TORONTO (Reuters) - A consortium bidding for TMX Group (X.TO), the operator of Canada’s biggest stock exchange, said on Friday it hopes to extend its $3.8 billion offer but is still working to resolve regulatory concerns.
TMX shares rose 6 percent as investors interpreted the statement from Maple Group, comprised of 13 Canadian financial institutions, as a cautiously optimistic sign that the long-delayed deal might succeed.
Maple said Canada’s Competition Bureau and the Ontario Securities Commission were coordinating their reviews of the proposed takeover. Maple has said it is working with regulators on smoothing out any sticking points.
Maple signaled that any conditions the provincial regulator might place on the deal could ease what the federal competition authorities had earlier described as serious concerns.
That said, the consortium said it still could not guarantee it would extend its bid, which is due to expire on Monday. Maple has already extended it six times.
Critics worry that the deal would concentrate too much power in the hands of a single market and clearing operator controlled by Canada’s dominant financial institutions.
The stock’s 6 percent rise to C$45.43 was its biggest one-day gain since May 16, 2011, around the time Maple offered to buy the Toronto Stock Exchange operator for C$50 a share.
“The market is taking this thing as if the deal is more likely to occur than not. A lot of people are looking for signals right now,” said Nick Thadaney, chief executive of the Canadian arm of research broker ITG. “But this press release should not be seen as it being signed, sealed and delivered.”
In addition to the getting consent from the OSC and the Competition Bureau, Maple requires approval from securities commissions in British Columbia, which is expected to draft rules for public commentary, as well as Alberta.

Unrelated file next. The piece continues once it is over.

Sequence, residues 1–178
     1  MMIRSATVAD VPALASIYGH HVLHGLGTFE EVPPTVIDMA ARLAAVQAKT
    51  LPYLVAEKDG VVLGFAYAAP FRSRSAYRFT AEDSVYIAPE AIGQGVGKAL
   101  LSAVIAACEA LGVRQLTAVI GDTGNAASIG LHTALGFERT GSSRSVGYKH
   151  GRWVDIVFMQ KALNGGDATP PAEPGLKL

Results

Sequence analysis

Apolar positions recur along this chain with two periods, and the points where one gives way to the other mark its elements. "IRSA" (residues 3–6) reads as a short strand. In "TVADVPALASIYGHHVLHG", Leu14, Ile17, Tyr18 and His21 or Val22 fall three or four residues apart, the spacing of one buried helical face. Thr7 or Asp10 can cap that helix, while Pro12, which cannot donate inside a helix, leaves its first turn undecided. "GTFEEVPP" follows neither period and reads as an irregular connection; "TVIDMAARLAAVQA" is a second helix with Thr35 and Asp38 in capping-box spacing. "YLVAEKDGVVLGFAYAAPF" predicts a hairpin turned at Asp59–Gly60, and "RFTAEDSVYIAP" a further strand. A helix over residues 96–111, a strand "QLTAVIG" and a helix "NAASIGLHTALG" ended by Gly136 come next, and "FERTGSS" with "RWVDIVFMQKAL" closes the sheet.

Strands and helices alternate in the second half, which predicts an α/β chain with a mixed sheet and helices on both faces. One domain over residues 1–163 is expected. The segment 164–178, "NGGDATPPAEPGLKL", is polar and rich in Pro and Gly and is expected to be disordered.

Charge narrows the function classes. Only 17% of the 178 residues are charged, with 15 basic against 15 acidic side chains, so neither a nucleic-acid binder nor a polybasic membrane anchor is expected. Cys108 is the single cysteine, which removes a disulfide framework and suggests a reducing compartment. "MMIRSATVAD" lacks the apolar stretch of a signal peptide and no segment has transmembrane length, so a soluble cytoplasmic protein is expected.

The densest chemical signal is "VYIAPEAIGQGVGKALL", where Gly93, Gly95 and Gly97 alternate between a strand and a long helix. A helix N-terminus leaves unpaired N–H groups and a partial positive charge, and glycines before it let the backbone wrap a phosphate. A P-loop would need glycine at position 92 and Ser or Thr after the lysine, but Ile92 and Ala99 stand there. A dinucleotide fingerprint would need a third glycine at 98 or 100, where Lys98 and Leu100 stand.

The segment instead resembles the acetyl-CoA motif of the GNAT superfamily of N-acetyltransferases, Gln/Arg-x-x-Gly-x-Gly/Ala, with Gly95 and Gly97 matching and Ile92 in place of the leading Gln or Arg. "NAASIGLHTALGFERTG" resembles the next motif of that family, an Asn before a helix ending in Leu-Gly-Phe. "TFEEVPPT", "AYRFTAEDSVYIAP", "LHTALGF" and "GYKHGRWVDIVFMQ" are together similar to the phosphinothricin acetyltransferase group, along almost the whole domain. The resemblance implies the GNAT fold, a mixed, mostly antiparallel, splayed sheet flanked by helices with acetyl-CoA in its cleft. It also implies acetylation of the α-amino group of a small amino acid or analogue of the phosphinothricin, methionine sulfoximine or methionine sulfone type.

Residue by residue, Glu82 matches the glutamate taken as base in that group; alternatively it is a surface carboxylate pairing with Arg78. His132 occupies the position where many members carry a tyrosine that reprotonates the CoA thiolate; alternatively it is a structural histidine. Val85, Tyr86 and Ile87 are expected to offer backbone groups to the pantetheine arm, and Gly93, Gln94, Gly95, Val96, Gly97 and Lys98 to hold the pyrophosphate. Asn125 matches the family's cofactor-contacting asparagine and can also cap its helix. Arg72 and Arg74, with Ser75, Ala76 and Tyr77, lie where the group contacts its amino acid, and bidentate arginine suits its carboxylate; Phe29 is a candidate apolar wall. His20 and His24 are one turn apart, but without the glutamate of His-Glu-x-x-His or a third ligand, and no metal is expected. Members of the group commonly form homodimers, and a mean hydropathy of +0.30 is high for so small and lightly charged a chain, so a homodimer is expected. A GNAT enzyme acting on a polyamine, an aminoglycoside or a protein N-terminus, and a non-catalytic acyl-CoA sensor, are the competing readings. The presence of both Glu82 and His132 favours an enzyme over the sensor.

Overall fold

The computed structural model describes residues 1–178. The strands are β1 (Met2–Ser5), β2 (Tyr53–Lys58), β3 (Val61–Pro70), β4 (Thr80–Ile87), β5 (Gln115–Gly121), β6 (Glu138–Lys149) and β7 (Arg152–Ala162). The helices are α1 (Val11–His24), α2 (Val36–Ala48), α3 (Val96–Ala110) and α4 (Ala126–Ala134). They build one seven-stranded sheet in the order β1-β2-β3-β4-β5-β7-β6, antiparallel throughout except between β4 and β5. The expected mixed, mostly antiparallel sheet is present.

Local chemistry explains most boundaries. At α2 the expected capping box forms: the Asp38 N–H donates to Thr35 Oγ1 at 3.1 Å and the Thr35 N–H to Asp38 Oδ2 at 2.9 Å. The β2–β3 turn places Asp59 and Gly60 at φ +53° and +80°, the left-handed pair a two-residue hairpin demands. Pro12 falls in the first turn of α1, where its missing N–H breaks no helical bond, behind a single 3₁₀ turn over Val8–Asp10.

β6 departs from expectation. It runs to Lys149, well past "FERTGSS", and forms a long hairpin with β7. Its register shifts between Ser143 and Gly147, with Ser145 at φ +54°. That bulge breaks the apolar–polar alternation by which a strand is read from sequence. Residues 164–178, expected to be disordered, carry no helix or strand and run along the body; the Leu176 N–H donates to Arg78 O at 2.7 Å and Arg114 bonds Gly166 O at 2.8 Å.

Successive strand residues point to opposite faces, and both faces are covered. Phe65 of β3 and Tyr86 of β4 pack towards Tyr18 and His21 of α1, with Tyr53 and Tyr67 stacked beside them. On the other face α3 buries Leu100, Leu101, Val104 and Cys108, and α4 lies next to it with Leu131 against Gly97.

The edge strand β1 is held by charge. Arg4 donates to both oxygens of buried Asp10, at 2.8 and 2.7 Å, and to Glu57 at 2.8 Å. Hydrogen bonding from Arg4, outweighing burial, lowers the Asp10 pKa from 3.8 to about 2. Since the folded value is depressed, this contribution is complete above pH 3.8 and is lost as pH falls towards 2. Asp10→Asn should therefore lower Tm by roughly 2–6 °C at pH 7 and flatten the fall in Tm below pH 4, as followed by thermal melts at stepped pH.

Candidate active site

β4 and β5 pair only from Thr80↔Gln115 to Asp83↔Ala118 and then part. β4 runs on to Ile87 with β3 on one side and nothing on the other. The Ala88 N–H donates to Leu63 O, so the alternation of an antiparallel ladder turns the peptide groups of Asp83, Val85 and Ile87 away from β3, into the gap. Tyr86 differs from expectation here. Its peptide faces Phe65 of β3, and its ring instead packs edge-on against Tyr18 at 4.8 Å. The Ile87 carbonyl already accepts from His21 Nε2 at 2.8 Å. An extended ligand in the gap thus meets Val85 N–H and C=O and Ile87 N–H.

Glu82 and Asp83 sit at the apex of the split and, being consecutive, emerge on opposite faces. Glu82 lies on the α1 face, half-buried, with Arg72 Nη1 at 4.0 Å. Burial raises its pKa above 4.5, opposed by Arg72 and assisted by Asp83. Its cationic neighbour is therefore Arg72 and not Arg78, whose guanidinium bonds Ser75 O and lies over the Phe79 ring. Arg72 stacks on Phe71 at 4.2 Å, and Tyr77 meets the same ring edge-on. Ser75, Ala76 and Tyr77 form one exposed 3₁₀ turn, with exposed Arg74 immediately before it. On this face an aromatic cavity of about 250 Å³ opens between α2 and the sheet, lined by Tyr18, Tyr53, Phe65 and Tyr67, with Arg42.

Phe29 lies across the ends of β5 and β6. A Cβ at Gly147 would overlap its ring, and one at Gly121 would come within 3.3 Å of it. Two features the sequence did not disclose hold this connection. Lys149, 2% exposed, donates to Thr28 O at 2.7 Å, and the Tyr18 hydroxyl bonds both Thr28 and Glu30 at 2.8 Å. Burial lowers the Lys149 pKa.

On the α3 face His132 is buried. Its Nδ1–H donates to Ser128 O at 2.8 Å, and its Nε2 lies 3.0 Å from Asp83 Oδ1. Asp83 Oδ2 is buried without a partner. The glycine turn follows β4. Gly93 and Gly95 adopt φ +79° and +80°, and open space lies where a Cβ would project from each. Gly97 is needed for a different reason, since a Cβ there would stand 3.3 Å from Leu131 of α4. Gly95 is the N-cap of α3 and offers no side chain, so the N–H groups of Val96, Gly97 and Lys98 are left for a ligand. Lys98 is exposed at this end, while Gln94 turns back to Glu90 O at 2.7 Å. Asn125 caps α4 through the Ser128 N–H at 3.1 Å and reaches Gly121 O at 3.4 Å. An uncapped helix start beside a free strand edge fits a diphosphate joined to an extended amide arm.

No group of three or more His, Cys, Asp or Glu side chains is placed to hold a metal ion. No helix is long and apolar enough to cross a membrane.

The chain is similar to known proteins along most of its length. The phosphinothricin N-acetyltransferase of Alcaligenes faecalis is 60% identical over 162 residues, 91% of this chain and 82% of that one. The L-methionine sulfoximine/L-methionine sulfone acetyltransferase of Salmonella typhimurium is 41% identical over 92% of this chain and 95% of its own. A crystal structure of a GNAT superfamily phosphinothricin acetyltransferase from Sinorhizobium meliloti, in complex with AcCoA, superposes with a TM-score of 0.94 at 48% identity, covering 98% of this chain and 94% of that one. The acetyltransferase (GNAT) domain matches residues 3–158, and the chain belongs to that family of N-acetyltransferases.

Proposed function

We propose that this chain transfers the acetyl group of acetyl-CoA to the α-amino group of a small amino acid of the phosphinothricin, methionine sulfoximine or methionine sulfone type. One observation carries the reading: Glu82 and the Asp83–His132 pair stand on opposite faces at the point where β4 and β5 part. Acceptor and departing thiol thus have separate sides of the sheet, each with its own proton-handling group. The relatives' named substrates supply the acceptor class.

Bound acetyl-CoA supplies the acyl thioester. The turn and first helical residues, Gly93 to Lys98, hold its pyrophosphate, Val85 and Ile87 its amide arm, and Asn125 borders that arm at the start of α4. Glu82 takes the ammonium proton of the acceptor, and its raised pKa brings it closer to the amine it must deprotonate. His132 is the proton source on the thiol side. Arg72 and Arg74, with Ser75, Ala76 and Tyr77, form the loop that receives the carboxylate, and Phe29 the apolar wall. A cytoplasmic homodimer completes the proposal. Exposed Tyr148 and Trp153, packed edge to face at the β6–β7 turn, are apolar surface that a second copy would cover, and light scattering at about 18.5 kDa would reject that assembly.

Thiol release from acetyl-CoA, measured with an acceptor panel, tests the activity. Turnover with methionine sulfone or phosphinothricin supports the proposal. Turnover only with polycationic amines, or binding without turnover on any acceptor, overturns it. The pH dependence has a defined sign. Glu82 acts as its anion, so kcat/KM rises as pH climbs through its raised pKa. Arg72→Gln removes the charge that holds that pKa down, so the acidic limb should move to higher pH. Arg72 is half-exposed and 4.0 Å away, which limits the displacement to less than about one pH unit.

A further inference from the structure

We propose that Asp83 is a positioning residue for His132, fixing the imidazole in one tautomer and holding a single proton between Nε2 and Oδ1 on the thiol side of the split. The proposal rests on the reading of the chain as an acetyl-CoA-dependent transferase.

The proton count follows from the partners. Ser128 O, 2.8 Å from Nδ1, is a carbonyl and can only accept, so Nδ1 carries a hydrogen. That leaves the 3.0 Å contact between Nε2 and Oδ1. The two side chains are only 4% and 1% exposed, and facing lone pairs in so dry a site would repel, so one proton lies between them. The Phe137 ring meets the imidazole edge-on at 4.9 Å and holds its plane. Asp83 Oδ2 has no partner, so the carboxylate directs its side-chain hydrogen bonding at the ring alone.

Quebec’s Autorité des marchés financiers said in March it intends to approve the deal.
“As we have said all along, the commissioner’s views may be affected by further information and developments. Our message to the parties today is consistent with that approach,” said Greg Scott, a spokesman for the Competition Bureau.
Beyond those regulatory hurdles, the complex deal demands coordination among 13 key players making up the Maple Group, a challenging feat given the fact the deal proposal is nearly one year old, market observers say.
The group comprises several of Canada’s top banks, as well as pension funds and institutional investors.
The OSC is completing a set of conditions, known as draft recognition orders, under which it might let the deal proceed.
As part of its proposal, Maple wants to buy the Canadian Depository for Securities Ltd, or CDS, which clears and settles all trades in Canada, and fold it into TMX, the operator of most of the country’s securities exchanges.
That has spurred fears that clearing and settlement of transactions would favor Maple shareholders.
Another area of concern is that the CDS would turn into a for-profit model from its current cost-recovery model, which could boost prices. To get the deal done, Maple has said it is ready to give the OSC a role in overseeing clearing and settlement pricing.
Another sticking point is Maple’s plan to acquire Alpha Group, TMX’s biggest domestic competitor. Alpha - an alternative trading system that now has full status as an exchange - is owned by some of the members of the Maple consortium.
Critics say such concentration of power must be supervised, given that a combined TMX-Alpha entity would control some 85 percent of all stock trades in Canada.
Maple’s members include big banks Canadian Imperial Bank of Commerce, National Bank of Canada and Bank of Nova Scotia, as well insurer Manulife as the pension fund managers for Canada, Quebec, Ontario Teachers and Alberta.
Reporting By Euan Rocha and Jennifer Kwan; Editing by Frank McGurty